Just as the heart was groaning under the weight of yet another foreign franchise coming to serve us coffee, in floats Ras Nijinsky to turn the imperial order upside down before sending it forth, unrecognisable to itself in ras and drag.
This Minshall Ras Mas is, indeed, a high mas, a real mas—a Carnival maestro making new mas with old European masters.
When it emerged on stage on Thursday night, the marvel of “The Dying Swan—Ras Nijinsky in Drag”, did what Minshall does best. It cut the clutter, silenced the noise, changed the rhythm, re-contoured the imagination and posed the question: What is Mas?
None of these being particularly relevant for the title, the field of quite splendid costumes remains open for Tuesday’s King of Carnival competition and may the best masquerader win.
But when the Carnival is over and the recession begins to bite, this Ras Mas of elegant pathos and delicate beauty created by Carnival’s ever-innovating energy, might hold the key to safe passage.
Hardly has there been a year in which we did not fret about some element of Carnival, worried that the best days of mas, kaiso or pan were behind us never to be witnessed again. This year it is the music which we fear has lost its way.
But Carnival has survived and continues to thrive because of its openness to innovation even as it holds tight to tradition.
It prefers to evolve, not be transformed. Just when it looks static to the point of death, some mysterious energy from somewhere seems to produce an alchemy that triggers some regenerative capacity.
It is under no authority nor is it inclined to seek anyone’s approval. It will be what it will be.
In the wide, deep mass that is Trinidad Carnival, snaking its way through alleyways and highways, it is impossible to imagine which elemental force working in combination with what other elements will respond to which set of conditions to deliver what outcome.
All we know is that out of a collective energy of energies comes Carnival, built on the values of discipline, tolerance and high production.
Yet, for all this, the cultural values on which Carnival rests and from which it draws succour and success are little validated in life beyond the Carnival. From Ash Wednesday, the cultural confidence so powerfully alive throughout the Carnival season shuts down as we enter another state of being in a world where we feel much less in charge and a lot more vulnerable.
Some years ago, when the issue of identity was a popular pursuit of academic study, a lot of attention was paid to Carnival as a key to understanding the Trinidadian psyche.
If we could understand the mentality that makes Carnival a perennial success, we might put it to work for T&T’s success, too. That was before Carnival mentality had became a term of abuse.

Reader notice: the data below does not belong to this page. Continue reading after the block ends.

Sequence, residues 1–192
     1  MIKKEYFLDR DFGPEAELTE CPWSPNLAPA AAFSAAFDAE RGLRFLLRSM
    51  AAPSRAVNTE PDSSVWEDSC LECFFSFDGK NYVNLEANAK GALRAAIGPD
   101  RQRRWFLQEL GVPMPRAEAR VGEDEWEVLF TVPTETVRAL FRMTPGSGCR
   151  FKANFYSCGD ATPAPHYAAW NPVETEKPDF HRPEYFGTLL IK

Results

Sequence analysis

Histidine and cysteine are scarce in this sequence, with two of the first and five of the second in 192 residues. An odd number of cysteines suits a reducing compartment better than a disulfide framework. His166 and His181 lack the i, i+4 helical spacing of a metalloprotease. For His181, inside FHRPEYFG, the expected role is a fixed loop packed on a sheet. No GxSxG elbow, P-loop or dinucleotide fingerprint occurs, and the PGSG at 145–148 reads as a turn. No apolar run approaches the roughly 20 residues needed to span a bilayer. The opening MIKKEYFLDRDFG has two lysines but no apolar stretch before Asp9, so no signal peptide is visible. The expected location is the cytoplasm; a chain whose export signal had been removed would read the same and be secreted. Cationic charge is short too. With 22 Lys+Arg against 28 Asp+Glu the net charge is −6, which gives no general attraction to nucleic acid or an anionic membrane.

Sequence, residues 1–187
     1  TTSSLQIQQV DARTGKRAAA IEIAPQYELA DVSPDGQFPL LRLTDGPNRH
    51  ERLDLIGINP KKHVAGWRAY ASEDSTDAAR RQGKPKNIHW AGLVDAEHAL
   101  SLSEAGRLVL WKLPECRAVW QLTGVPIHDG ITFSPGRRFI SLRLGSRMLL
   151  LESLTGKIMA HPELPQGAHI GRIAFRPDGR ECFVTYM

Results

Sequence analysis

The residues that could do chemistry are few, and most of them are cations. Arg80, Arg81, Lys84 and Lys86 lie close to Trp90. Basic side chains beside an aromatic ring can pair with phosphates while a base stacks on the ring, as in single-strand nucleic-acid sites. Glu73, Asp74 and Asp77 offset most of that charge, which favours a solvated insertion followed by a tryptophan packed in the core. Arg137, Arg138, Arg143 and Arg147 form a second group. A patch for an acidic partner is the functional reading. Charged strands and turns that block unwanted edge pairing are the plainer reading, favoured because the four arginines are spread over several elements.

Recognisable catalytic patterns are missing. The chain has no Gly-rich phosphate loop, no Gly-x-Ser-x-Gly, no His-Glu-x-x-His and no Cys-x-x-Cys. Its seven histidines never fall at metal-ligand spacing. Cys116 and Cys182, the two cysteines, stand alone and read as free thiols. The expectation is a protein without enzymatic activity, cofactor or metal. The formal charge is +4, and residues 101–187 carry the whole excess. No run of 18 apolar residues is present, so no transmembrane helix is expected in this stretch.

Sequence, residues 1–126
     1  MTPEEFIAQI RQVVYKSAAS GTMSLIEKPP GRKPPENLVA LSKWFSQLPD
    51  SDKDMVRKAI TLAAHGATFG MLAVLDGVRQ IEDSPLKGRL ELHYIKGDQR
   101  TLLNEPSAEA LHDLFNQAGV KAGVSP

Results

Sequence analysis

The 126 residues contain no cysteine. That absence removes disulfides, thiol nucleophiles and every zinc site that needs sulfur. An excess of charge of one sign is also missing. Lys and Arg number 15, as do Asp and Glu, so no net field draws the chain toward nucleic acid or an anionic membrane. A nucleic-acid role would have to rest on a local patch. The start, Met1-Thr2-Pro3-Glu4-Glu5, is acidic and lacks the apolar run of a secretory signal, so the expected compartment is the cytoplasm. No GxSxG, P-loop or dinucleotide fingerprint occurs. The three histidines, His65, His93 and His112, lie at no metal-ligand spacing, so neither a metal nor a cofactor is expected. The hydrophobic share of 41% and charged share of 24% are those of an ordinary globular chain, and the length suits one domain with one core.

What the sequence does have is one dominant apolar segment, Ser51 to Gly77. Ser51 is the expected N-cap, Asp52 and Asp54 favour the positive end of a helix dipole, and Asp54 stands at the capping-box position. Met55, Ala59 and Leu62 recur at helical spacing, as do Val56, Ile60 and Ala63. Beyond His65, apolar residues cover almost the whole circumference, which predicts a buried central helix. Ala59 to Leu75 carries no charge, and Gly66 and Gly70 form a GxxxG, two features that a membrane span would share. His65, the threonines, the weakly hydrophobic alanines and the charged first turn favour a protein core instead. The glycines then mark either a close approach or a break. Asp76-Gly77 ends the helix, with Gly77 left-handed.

Today, as we struggle with issues of productivity and contend with the consequences of social alienation and societal breakdown, we might consider returning to an interrogation of the mystery that is Carnival if only to understand the forces that live within us and which define us, give us our strength, nurture our hopes, and dare us to create solutions out of every box.
We are urgently in need of cultural wholeness to get past the self-sabotage that keeps in the position of what Terrence Farrell has called the “Under-achieving Society.”
The deeper we dig, the more complex we find our problem to be and the less susceptible they are to solutions of money, management or law.
Psychic fragmentation has bred the self-contempt that leads us into forsaking our own best for the world’s less—like the high quality Arabica coffee grown right here in Trinidad for imported concoctions of no stated origin.
Much of what we’re contending with as challenges of modern T&T are symptoms of the colonial disorder that block our energies from useful purpose.
The foreign exchange crisis, for example, is in large part the result of choices driven by consumption patterns and value systems shaped by historical forces.
Even the Zika virus might be less of a threat to empowered communities grounded in strong local government not having to depend on central government.
Although Carnival is no longer subject to the ostracism of the past, what it still awaits is our recognition that it might be the better part of who we are: a people joyfully at work, confidently problem-solving, open to change, willing to innovate, happy to collaborate.
Inside there somewhere might be found the principles to organise a functional society.